Vol. 8, No. 2 May 2004
for Hard-to-Raise Kids . . . and Their Parents, Too
Hersey, Director of the Feingold Association of the US
- Eight-month-old Justin
is a fussy baby and still hasnt slept through the night.
- Severe asthmatic bouts
bring three-year-old Tiffany to the emergency room.
- Daniel, age five, has
just been expelled from the latest day care center as a result of
his aggressive behavior.
- Maggies second
grade teacher simply cant get through to this distracted
little girl and suspects she has ADD (attention deficit disorder).
- Her older brother is
on his third set of ear tubes because of chronic infections, and their
mom suffers from hives.
as all these people are, they share something in common a group
of substances are triggering their various behavior, learning, and health
literature shows that many of the synthetic additives in food are powerful
chemicals that can that trigger problems in sensitive people. Little
Justins fussiness and sleep problems are linked to the additives
in his baby vitamins. Tiffanys asthma comes from the yellow dye
in her favorite macaroni and cheese mix. Daniel is a calm, well behaved
child when he doesnt consume multicolored breakfast cereal, blue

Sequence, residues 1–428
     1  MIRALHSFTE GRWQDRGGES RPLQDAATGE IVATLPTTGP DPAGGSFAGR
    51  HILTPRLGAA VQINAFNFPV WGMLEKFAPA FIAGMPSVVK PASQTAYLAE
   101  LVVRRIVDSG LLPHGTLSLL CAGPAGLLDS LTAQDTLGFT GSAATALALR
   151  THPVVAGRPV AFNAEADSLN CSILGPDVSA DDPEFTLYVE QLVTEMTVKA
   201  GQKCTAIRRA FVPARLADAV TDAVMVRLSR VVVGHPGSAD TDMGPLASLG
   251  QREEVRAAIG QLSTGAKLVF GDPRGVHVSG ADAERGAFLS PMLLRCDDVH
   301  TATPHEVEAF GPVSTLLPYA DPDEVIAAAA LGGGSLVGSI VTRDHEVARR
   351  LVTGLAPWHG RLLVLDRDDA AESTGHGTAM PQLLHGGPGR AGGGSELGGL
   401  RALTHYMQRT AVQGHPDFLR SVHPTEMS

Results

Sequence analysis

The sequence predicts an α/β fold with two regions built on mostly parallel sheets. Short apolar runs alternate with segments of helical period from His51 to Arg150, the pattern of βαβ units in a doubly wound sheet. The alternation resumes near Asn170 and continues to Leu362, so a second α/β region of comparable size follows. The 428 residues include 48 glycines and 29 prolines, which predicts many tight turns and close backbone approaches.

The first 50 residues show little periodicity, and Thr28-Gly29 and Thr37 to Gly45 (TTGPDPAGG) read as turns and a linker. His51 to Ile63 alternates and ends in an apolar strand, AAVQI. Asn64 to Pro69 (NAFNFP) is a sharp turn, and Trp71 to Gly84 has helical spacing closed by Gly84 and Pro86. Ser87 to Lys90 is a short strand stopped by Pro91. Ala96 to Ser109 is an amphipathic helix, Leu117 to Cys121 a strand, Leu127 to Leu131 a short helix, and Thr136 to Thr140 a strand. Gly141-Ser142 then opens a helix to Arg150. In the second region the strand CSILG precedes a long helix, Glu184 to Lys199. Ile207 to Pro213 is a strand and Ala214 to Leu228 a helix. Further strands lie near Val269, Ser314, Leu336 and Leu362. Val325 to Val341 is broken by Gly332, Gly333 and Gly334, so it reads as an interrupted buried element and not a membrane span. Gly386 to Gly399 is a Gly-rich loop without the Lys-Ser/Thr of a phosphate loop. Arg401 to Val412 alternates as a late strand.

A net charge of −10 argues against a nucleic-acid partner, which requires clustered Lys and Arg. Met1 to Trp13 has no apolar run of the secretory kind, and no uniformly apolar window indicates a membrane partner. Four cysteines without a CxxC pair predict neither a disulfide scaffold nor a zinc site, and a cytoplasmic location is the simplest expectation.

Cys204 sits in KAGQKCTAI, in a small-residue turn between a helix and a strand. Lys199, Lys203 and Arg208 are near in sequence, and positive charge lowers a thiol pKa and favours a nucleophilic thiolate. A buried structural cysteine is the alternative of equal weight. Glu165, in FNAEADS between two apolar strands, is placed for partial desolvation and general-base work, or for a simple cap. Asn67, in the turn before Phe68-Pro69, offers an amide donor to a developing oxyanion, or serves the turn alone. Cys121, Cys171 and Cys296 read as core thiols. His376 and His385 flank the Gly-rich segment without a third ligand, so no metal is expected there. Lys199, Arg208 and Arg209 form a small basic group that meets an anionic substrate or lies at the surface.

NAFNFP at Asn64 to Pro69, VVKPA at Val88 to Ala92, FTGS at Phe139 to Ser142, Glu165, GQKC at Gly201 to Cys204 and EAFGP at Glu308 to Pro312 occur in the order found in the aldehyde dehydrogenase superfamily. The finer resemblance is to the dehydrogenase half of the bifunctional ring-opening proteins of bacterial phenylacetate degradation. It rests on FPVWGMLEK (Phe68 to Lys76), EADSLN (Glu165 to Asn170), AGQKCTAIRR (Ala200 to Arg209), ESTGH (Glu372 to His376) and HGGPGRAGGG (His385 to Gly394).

drinks, and so-called fruit snacks, but the pantry is generally
well-stocked, so his good days are rare.
the most problems after eating lunch in the school cafeteria, but the
strong smelling markers designed for white boards also make it hard
for her to pay attention. (They are also responsible for her teachers
frequent headaches.) As for Maggies brother, his ear infections
are being triggered by the artificial dyes and flavorings in his favorite
candies while the biggest culprits for their mom are the synthetic preservatives
hidden in her low-fat milk and the sweetener in her diet soda.
food dyes are made from petroleum, as are three common preservatives:
BHA, BHT and TBHQ. Artificial flavorings can be made from anything (literally,
anything!) and a manufacturer need not disclose this information to
anyone, including the Food and Drug Administration. Aspartame, the synthetic
sweetener in Moms diet soda, is responsible for more reports of
harmful effects than any other additive in history.
news is that consumers dont have to eat this chemical stew, parents
dont have to be faced with out-of-control children, and all of
us dont need to be harmed by the very thing that is supposed to
nourish us our food.
Association is a nonprofit organization with 28 years of experience
teaching people how to find the food they love without the chemicals
they hate. Named in honor of the doctor who helped so many hyperactive,
learning disabled children (now called ADHD), most of the volunteers
are parents who have found help for their children and themselves. To
learn more visit <www.feingold.org>.
Hersey is Director of the Feingold Association of the US and the author
of Why Cant My Child Behave? and Healthier Food for
2004 Jordan Institute for Families